Hours: Dinner: seven days
Another entrant in the River North churrascaria wars, offering the gimmick of "wine angels."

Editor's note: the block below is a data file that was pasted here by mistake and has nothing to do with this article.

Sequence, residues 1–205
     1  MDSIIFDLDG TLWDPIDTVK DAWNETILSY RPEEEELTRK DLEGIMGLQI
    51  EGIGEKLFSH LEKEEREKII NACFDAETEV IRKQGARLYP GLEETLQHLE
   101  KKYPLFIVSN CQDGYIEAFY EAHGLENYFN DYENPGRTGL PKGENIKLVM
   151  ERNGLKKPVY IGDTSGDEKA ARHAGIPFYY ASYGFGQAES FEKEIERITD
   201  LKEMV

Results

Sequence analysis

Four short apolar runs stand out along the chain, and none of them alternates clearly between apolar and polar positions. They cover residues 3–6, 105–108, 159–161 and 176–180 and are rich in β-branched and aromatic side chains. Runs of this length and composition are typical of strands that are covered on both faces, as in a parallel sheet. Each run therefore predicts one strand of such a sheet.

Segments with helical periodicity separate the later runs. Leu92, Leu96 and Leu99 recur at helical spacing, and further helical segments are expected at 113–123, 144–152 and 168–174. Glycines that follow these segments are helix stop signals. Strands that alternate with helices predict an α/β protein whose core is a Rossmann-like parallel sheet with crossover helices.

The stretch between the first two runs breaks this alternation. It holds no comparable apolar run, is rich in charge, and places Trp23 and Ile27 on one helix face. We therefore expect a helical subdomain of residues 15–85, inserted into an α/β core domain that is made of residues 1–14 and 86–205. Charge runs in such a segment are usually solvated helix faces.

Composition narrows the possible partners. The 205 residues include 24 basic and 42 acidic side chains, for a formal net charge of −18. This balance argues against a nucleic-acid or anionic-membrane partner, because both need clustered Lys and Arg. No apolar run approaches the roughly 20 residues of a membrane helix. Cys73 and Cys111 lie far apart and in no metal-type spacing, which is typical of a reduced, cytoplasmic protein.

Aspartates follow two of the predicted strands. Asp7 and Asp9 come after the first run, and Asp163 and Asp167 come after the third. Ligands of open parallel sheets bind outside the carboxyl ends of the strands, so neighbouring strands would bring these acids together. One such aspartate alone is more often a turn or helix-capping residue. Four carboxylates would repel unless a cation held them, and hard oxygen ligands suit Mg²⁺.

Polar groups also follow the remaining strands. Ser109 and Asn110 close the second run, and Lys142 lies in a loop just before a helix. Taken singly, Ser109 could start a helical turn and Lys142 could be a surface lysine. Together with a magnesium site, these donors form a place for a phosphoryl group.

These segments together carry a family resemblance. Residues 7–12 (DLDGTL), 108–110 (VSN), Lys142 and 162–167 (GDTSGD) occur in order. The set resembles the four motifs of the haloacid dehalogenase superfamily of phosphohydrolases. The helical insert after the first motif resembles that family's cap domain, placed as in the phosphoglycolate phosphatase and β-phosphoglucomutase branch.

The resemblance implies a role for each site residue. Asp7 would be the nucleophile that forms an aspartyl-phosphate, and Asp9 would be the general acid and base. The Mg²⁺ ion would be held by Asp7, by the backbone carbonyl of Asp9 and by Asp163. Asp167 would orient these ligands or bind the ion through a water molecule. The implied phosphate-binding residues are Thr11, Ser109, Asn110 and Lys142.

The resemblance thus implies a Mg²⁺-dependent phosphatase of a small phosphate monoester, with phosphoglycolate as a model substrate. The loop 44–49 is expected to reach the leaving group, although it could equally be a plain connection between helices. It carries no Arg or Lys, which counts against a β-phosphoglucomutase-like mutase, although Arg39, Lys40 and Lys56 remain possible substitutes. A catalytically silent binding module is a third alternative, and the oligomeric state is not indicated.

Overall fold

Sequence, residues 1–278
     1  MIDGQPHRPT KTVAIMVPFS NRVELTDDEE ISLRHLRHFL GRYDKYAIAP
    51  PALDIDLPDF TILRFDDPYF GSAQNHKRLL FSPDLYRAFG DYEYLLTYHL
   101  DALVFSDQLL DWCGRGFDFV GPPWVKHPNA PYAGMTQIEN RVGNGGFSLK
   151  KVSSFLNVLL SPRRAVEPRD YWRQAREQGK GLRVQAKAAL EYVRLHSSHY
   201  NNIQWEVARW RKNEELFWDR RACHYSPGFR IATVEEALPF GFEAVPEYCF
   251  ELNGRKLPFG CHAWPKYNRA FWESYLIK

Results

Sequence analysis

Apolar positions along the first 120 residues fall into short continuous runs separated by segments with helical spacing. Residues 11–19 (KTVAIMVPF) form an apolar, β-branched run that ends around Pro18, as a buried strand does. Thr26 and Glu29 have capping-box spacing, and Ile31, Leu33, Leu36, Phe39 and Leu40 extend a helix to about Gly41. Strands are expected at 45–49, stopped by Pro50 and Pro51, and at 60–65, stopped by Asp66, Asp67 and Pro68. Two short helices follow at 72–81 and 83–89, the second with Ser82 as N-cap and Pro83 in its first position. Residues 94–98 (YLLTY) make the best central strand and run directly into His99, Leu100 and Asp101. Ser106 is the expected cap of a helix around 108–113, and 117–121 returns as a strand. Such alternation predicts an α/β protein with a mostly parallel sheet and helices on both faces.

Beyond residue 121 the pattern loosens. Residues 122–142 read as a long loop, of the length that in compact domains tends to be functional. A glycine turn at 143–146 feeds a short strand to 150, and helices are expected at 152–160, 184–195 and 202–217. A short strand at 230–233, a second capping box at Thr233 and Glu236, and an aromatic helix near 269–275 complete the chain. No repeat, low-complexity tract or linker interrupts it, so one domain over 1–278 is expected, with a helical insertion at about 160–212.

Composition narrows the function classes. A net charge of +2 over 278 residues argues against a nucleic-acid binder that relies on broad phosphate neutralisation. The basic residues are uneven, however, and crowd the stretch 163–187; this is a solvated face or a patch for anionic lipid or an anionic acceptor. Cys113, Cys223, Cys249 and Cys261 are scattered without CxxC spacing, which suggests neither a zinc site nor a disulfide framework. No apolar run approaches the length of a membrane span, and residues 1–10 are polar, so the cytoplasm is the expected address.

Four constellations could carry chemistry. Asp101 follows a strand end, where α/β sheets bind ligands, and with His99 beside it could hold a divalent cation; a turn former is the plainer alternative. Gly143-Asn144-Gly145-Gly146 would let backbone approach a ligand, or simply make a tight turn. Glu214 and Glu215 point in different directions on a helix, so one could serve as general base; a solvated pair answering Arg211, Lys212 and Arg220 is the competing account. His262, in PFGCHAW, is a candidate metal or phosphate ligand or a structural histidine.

Everything's larger than life at the Chicago outpost of this national chain of churrascarias, from the ten-foot-tall mirrors on nearly all the walls to the gargantuan plants to the three-story wine storage area, which boasts Chicago's first "wine angels," girls who retrieve bottles of wine while doing flips in the air, suspended by cables. The theme of excess carries over into the food as well: the salad bar alone offers several types of cheese, salami, prosciutto, marinated mushrooms, peppadews, seared tuna, smoked salmon, and my two favorites, strips of thick-cut, crispy bacon and a mammoth bowl of roasted garlic cloves. There's also a table with hot dishes like rice and beans, potatoes au gratin, and fish, a soup of the day (we had an overly salty lobster bisque), and a sushi bar, which we didnt brave after trying the entirely tasteless seared tuna. Meat is served in traditional churrascaria style by servers who walk around with giant skewers of it, hot off the grill, and carve it directly onto your plate; it's served with garlic mashed potatoes and fried bananas. The tableside service ensured that the meat arrived hot, but ours varied wildly in quality, some so salty it was almost inedible. A couple things, like the sausage and filet mignon, were outstanding; most of it was pretty good but unmemorable, and there was one grainy, dry piece of lamb that's been haunting my nightmares ever since. And the wine angel? We couldn't really see her from our table, but I checked on her at the end of the evening; she was hanging from her harness looking bored, reminding me more of a baby in a bouncer than an acrobat.
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